Skip to content
US steps up plans to deport Haitian migrants from Texas border


DEL RIO, Texas (AP) – U.S. officials said on Saturday that over the next three days they plan to step up deportation flights for some of the thousands of Haitian migrants who have gathered in a Texas town of across the Mexican border.

The Department of Homeland Security said in a statement it had moved around 2,000 migrants from Del Rio to other locations on Friday for processing and possible deportation from the United States.

The announcement marks a swift response to the sudden arrival of thousands of Haitians at a relatively remote stretch of border that lacks the capacity to accommodate and process such large numbers.

By Monday morning, U.S. Customs and Border Protection plans to have at least 400 officers and agents in the Del Rio area and are ready to send more, DHS said.

A US official told The Associated Press on Friday that Haiti’s operational capacity and willingness will determine the number of flights. The official said progress was being made in negotiations with Haitian authorities. The official had first-hand knowledge of the plans but was not authorized to discuss them publicly and spoke to The Associated Press on condition of anonymity.


Jordan Vonderhaar via Getty Images

Migrants, mostly from Haiti, gather in a makeshift encampment under an overpass on the border between Del Rio, Texas, and Acuña, Mexico, on September 17.

THIS IS A CURRENT UPDATE. AP’s previous story follows below.

The Biden administration worked on plans on Saturday to return several of the thousands of Haitian immigrants who gathered in a Texas border town in their Caribbean homeland, in quick response to the huge influx of people who suddenly crossed the border of Mexico and gathered under and around a bridge.

Details had not yet been finalized but would likely involve five to eight flights a day which would begin on Sunday, according to an official with direct knowledge of the plans who was not authorized to discuss the matter publicly and spoke to The Associated Press on condition of anonymity. San Antonio, the major city closest to Del Rio, where migrants have congregated, could be among the departure cities.

The official said on Friday that Haiti’s operational capacity and willpower would determine the number of flights, but that “good progress” was being made.

Another administration official who spoke on condition of anonymity expected two flights a day, at most, and said all migrants would be tested for COVID-19.

U.S. authorities closed vehicle and pedestrian traffic in both directions on Friday at the only border crossing in Del Rio after the chaotic influx of migrants presented the administration with an immediate new challenge as it attempts to manage a large number of asylum seekers who reached American soil.

US Customs and Border Protection said they were closing the border crossing with Ciudad Acuña, Mexico, “to meet urgent safety and security needs.” Travelers were directed to a passage at Eagle Pass, 57 miles (91 kilometers) away.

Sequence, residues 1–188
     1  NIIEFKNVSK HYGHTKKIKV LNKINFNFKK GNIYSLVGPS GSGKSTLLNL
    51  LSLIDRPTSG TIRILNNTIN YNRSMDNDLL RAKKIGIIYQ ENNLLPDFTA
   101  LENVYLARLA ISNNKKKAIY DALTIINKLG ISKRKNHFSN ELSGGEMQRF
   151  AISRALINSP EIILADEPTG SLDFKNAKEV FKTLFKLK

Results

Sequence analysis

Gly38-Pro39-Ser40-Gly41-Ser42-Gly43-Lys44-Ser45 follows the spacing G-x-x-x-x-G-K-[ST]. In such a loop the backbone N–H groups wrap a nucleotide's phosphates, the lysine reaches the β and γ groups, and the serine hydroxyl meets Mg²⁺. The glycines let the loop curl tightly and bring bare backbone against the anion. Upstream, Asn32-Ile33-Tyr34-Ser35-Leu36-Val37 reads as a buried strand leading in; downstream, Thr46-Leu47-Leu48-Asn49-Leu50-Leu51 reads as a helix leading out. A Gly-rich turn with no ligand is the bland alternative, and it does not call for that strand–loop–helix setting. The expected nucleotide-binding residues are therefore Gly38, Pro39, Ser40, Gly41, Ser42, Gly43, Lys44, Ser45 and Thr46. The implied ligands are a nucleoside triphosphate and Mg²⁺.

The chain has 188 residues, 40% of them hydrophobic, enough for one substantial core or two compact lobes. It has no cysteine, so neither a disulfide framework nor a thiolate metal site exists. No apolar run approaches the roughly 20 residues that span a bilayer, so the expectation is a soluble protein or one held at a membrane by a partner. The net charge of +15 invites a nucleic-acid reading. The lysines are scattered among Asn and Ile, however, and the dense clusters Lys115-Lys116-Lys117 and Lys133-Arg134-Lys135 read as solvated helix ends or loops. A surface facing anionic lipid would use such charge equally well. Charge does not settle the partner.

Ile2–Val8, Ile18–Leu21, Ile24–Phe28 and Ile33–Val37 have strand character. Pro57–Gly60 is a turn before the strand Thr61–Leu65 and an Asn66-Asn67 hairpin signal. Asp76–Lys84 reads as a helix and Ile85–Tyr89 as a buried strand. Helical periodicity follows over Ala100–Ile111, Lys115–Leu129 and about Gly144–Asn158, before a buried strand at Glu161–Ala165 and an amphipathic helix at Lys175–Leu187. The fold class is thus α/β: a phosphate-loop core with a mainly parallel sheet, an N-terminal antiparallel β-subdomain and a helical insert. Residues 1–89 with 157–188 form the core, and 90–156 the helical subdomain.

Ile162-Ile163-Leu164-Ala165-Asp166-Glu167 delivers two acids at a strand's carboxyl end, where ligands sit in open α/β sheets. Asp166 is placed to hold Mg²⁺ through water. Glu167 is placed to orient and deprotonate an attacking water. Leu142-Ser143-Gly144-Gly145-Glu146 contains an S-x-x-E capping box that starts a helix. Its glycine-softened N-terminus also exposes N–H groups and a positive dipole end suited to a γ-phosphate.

Haitians crossed the Rio Grande freely and in a constant current on Friday, back and forth between the United States and Mexico in knee-deep water, with some parents carrying young children on their shoulders. Unable to obtain supplies from the United States, they briefly returned to Mexico to collect food and cardboard to settle, at least temporarily, under or near the bridge in Del Rio, a city of 35,000 that was severely strained by the flow of migrants in recent months.

The migrants pitched tents and built makeshift shelters from giant reeds known as the carrizo cane. Many have bathed and washed clothes in the river.

The vast majority of migrants on the bridge on Friday were Haitians, said Val Verde County Judge Lewis Owens, who is the county’s top elected official and whose jurisdiction includes Del Rio. Some families had been under the bridge for six days.

The garbage piles were 3.1 meters wide and at least two women had given birth, including one who tested positive for COVID-19 after being taken to hospital, Owens said.

County Sheriff Frank Joe Martinez estimated the crowd at 13,700 and said more Haitians were crossing Mexico by bus.

The flight plan, although potentially massive, depends on the response of Haitians. They may have to decide whether to stay put at the risk of being sent back to an impoverished homeland ravaged by poverty and political instability or return to Mexico. Unaccompanied minors are exempt from accelerated deportations.

About 500 Haitians have been ordered to get off buses by Mexican immigration authorities in the state of Tamaulipas, about 120 miles (200 kilometers) south of the Texas border, the government said on Friday. ‘State in a press release. They continued on foot towards the border.

Haitians have migrated to the United States in large numbers from South America for several years, many having left their Caribbean countries after a devastating earthquake in 2010. After jobs have dried up since the Olympic Games d he summer of 2016 in Rio de Janeiro, many made the dangerous journey by foot, bus and car to the US border, including through the infamous Darien Gap, a Panamanian jungle.